Behind time and way over budget, but the James Webb Space Telescope has finally been put together
Let's hope the sunshield doesn't get ripped off again, eh?
The long-awaited James Webb Space Telescope has finally been assembled, NASA announced on Wednesday.
The project has had a rocky road. Originally scheduled to enter space as early as 2007, the instrument has been bedeviled with numerous delays, including a redesign and an accidentally ripped sunshield that had to be repaired. The telescope is now due to be sent up into space some time in 2021.
Its most striking feature is the 6.5-meter mirror fashioned from gold hexagonal plates. Older designs show them all arranged in a hexagon shape, but the new images feature twelve stacked on top of each other to make the telescope look like a honeycomb tower. Two columns of three hexagonal mirrors are placed on either side.
Most of the telescope had been put together already. All the team had to do was attach one half that holds the mirrors and instruments with a second half featuring a flat silver sunshield that will unfurl around the bottom of the device. The shield will stop light from our sun interfering with readings.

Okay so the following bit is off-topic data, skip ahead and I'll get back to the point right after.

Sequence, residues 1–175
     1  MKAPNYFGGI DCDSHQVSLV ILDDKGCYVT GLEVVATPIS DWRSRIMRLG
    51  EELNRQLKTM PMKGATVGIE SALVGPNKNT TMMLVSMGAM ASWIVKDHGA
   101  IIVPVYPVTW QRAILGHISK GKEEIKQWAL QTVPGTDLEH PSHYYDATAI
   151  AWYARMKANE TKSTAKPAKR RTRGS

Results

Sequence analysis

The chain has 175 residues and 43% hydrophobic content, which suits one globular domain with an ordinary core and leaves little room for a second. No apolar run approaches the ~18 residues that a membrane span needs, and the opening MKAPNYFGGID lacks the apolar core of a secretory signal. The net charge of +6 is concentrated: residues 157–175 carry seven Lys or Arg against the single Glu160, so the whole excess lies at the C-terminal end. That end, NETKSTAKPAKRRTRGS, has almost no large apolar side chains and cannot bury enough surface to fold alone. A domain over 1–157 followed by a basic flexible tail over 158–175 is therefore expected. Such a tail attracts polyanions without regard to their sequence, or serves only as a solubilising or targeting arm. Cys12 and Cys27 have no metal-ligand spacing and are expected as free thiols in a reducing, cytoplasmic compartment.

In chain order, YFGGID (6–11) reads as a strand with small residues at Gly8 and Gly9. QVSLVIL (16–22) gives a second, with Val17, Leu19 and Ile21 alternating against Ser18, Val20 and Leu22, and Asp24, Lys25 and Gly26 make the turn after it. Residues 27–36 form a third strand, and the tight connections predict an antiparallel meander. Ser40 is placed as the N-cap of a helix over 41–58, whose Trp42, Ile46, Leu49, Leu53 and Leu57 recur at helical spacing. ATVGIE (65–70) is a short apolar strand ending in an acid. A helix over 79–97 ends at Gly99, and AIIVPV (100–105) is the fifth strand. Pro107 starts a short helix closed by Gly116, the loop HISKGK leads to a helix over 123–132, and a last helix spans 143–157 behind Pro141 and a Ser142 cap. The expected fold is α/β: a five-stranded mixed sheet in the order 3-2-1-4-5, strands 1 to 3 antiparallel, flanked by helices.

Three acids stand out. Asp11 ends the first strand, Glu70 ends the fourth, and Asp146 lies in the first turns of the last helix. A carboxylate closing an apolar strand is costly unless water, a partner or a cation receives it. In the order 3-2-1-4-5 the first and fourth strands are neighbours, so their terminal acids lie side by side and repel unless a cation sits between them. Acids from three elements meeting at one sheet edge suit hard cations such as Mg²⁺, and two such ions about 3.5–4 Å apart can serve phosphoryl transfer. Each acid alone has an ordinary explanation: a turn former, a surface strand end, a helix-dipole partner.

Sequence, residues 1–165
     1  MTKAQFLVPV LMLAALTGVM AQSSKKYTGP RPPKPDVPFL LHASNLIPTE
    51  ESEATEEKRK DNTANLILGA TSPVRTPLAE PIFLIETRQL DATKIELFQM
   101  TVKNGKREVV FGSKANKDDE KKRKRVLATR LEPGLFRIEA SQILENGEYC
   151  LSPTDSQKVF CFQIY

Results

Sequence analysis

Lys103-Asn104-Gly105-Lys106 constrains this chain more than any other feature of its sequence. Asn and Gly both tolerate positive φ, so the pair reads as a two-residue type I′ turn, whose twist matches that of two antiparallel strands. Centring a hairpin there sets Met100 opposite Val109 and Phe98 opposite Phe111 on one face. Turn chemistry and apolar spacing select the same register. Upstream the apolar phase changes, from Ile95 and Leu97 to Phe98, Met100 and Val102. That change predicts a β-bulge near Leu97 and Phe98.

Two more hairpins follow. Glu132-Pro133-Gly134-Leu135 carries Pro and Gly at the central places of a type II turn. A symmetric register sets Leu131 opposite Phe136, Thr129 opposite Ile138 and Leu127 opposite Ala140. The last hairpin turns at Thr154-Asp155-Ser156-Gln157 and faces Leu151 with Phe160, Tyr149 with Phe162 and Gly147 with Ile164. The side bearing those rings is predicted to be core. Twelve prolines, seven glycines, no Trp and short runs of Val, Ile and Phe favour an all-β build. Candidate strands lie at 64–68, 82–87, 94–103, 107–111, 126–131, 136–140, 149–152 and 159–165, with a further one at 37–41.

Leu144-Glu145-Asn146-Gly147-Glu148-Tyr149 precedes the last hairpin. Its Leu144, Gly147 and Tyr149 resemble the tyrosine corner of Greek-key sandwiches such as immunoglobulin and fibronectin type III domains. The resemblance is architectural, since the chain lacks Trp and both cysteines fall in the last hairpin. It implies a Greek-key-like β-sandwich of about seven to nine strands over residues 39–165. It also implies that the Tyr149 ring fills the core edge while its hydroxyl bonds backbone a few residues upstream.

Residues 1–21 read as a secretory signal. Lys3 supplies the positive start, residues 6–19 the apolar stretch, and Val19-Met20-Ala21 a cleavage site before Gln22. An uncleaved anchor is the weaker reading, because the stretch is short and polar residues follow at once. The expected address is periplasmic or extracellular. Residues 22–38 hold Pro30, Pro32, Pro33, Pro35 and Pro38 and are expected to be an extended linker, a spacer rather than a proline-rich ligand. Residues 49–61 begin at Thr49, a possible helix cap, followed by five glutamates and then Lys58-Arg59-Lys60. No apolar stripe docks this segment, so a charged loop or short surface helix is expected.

When it is finally launched, it’ll be the most powerful telescope in space, and will actually orbit the Sun rather than the Earth (the Hubble Space Telescope, for example, orbits the Earth), at the second Lagrange point (L2), 1,500,000 kilometers (930,000 miles) away from our planet. This means that the telescope will stay lined up with the Earth as they both move around the Sun.
The telescope operates on the infrared wavelength scale, and will be able to probe the earliest energies emitted after the Big Bang to the formation of new exoplanets in faraway planetary systems, but also at objects closer to home.
But before it makes it out of the gravity well, scientists will run more deployment tests on the instrument under various environmental conditions to ensure it’ll survive out in the cold, dark depths of space.
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“The assembly of the telescope and its scientific instruments, sunshield and the spacecraft into one observatory represents an incredible achievement by the entire Webb team,” said Bill Ochs, the James Webb Space Telescope’s project manager.
“This milestone symbolizes the efforts of thousands of dedicated individuals for over more than 20 years across NASA, the European Space Agency, the Canadian Space Agency, Northrop Grumman, and the rest of our industrial and academic partners.”
The James Webb Space Telescope is led by NASA, but will be shared with the European Space Agency and the Canadian Space Agency, both of whom have contributed to its (currently) $9.6bn cost. ®